San Andrés: 20 Years Later

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Luis Hernandez Navarro

Almost 20 years ago, on 16th February 1996, in San Andres Sakam’chen de los pobres, the San Andres Accords on Indigenous Rights and Culture were signed. No photo was taken when the Zapatistas and the federal government stamped their signatures on what were the first substantive commitments about the causes that originated the armed uprising of the Chiapas indigenous.

Although the federal government and the legislators of the Commission for Concord and Pacification (COCOPA) wanted to perform a ceremony with great fanfare, the commanders of the Zapatista Army of National Liberation (EZLN) refused to take to the rooftops. In an impromptu speech Comandante David explained the reasons why they did not want a big celebration: “We want it to be a simple act. We are simple people who live simply and that is the way we want to keep on living.”

Nor did they agree to be photographed. “We came to a small agreement –said Comandante David-. Let’s not fool ourselves, the peace hasn’t been signed. If we do not agree to signing openly and publicly it is because we are right.”

And, after denouncing the attacks perpetuated on them by the government and acknowledging that they “have always betrayed our struggle”, he warned: “We have signed this in private to show that the government has hurt us and that the wound is still hurting.”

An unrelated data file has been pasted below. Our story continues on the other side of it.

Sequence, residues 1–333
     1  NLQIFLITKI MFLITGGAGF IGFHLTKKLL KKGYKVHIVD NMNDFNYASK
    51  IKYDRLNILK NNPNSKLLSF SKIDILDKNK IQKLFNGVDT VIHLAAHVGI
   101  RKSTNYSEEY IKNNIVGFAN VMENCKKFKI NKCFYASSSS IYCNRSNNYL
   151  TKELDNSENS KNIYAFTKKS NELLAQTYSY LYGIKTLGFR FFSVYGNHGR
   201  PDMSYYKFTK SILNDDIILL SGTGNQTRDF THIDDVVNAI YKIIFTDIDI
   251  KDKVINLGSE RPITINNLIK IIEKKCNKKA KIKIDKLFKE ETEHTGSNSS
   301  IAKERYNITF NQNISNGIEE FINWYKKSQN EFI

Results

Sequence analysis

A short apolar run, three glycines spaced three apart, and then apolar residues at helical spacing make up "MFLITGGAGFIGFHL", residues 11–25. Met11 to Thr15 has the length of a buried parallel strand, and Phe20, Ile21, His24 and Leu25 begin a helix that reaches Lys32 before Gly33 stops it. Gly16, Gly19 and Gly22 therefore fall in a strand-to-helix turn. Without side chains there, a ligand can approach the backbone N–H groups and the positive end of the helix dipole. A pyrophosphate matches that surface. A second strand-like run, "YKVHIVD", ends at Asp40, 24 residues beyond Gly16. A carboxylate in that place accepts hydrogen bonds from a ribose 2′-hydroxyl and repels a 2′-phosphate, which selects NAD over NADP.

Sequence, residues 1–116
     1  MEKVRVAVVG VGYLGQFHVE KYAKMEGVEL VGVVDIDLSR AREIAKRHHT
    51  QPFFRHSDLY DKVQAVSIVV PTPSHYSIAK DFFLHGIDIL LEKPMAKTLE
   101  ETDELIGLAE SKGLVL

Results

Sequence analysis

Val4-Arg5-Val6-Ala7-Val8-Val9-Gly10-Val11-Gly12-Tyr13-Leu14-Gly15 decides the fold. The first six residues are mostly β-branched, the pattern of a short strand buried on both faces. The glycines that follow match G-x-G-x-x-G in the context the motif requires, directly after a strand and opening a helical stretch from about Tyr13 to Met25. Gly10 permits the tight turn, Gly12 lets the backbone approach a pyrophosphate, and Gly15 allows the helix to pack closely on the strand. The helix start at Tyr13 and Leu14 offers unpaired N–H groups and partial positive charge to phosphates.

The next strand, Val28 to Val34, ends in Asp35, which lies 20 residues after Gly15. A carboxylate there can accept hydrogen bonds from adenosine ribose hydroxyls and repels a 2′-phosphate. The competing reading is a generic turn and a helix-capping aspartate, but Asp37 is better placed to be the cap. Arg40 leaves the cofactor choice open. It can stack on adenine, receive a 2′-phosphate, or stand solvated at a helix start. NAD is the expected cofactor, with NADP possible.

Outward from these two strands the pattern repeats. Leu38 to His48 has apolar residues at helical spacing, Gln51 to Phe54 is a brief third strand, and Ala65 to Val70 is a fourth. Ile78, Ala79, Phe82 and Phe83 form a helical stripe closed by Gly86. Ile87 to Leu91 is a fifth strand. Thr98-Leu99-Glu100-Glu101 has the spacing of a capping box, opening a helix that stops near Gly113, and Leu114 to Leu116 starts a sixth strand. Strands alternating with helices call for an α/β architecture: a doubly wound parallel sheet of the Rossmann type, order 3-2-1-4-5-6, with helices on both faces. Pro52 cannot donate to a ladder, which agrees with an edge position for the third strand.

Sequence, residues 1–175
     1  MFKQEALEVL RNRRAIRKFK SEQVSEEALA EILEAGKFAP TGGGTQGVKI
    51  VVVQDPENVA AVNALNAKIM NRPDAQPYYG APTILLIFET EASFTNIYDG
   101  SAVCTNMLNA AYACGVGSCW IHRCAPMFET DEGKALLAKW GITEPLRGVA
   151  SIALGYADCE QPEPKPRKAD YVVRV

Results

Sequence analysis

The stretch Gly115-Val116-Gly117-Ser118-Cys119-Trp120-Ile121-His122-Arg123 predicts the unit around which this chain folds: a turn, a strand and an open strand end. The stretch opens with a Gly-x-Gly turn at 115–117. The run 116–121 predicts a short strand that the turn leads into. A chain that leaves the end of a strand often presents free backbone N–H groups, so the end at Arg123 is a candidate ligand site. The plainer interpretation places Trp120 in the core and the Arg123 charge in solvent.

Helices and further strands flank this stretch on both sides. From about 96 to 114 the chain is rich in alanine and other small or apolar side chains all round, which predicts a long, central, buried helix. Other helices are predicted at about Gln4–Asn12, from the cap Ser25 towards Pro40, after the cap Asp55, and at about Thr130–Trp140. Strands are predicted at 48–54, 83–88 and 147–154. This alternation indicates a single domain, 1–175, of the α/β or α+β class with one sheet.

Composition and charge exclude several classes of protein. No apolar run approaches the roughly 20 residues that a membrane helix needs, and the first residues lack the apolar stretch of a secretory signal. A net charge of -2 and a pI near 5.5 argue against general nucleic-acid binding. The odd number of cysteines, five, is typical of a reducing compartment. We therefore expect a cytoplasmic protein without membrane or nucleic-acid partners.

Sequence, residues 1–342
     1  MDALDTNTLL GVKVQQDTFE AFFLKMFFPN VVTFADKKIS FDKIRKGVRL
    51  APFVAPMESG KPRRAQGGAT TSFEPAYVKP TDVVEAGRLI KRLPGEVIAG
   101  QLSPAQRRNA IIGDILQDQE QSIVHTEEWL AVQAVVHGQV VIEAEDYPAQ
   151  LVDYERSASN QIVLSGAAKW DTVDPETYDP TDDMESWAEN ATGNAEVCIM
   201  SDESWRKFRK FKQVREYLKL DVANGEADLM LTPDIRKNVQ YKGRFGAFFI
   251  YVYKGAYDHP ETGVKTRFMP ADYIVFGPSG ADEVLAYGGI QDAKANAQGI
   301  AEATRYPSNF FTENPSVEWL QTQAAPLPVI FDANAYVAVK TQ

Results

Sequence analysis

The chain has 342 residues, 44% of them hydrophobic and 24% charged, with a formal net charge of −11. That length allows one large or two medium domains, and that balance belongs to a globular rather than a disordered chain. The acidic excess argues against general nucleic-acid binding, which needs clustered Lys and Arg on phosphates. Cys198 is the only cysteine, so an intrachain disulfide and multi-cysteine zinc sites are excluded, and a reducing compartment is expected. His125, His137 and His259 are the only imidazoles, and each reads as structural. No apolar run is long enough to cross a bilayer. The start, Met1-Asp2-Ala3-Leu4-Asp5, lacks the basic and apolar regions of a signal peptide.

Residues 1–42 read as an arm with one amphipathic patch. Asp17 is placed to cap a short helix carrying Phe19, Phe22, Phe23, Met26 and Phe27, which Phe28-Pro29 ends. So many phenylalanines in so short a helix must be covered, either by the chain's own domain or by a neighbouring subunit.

The San Andres Accords were signed during a time of great political turmoil in the country. A belligerent national indigenous movement emerged, catalysed by the uprising of the EZLN. The devaluation of the peso in December 1994 precipitated a huge wave of dissatisfaction and vigorous movements of debtors to the bank appeared. The post-election conflicts in Tabasco and Chiapas became a national demand for democracy. The conflict between Carlos Salinas, the outgoing president and Ernesto Zedillo, the incoming president, grew.

The rebel mistrust of that February 16th proved to be premonitory. Once the wave of social discontent was neutralized, the federal government betrayed its word. The Mexican State (that is, the three powers) betrayed the Zapatistas and all the indigenous communities by refusing to fulfil what they had signed in the San Andres Accords. The opportunity to pay the historical debt that the State had to the indigenous communities was lost. Instead of opening the possibility of establishing a new social pact that was inclusive and respected differences, the State decided to maintain the old status quo. Instead of recognising the indigenous communities as social and historical entities with the right to self-determination, the State chose to continue with the policies of rejection and abandonment.